Prescription Drug Marketing Act
The Prescription Drug Marketing Act (PDMA), which was incorporated into the FDCA, was enacted to address certain prescription drug–marketing practices that have contributed to the diversion of large quantities of such drugs into a secondary gray market. These marketing practices—including the distribution of free samples and the sale of deeply discounted drugs to hospitals and health care entities—have helped fuel a multi million dollar drug diversion market that provides a portal through which mislabeled, subpotent, adulterated, expired, and counterfeit drugs are able to enter the nation's drug distribution system.
The most simple and straightforward of the acts which severely impacts pharmacy and is prohibited by the PDMA is the act or offer of knowingly selling, purchasing, or trading a prescription drug sample. This offense is punishable by a fine of up to $250,000 and up to 10 years' imprisonment. What many pharmacists do not realize is that there is a "finder's fee" of up to $125,000 for individuals who provide information leading to the conviction of a violator of this portion of the PDMA.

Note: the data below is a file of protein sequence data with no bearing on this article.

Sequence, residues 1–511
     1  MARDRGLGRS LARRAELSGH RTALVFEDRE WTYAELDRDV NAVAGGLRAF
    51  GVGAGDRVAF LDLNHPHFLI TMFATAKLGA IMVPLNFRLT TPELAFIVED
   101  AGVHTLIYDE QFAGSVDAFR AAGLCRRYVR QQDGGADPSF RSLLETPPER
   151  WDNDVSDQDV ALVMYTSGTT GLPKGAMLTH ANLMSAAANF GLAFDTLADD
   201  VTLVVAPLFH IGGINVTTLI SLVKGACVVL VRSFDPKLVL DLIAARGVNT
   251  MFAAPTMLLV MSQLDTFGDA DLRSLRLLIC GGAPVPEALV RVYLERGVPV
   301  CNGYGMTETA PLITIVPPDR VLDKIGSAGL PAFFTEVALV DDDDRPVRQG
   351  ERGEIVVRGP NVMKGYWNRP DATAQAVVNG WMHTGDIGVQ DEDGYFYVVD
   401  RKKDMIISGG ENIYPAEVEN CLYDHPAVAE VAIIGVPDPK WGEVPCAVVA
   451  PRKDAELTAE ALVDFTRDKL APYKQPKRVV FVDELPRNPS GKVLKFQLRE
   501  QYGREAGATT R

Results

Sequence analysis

Another important portion of this extensive law that affects pharmacists prohibits the resale of any prescription drug that was previously purchased by a hospital or other "health care entity." This provision was intended to eliminate a major source of drugs in the diversion market-namely, drugs that were originally purchased by hospitals or health care entities at substantially discounted prices, as allowed by the Nonprofit Institutions Act of 1938, and then resold to the retail class of trade. Congress believed that the resale of such drugs constituted an unfair form of competition. Unfortunately, due to the host of exemptions found in the PDMA and the complexity and potential loopholes, prosecution of institutional diversion cases has been rare.
- Pharmacy Times, A Review of Federal Legislation Affecting Pharmacy Practice, Virgil Van Dusen , RPh, JD and Alan R. Spies , RPh, MBA, JD, PhD, https://secure.pharmacytimes.com/lessons/200612-01.asp
- Strauss's Federal Drug Laws and Examination Review, Fifth Edition (revised), Steven Strauss, CRC Press, 2000
- Food and Drug Administration, Legislation, http://www.fda.gov/RegulatoryInformation/Legislation/default.htm
- Food and Drug Administration, History, http://www.fda.gov/AboutFDA/WhatWeDo/History/default.htm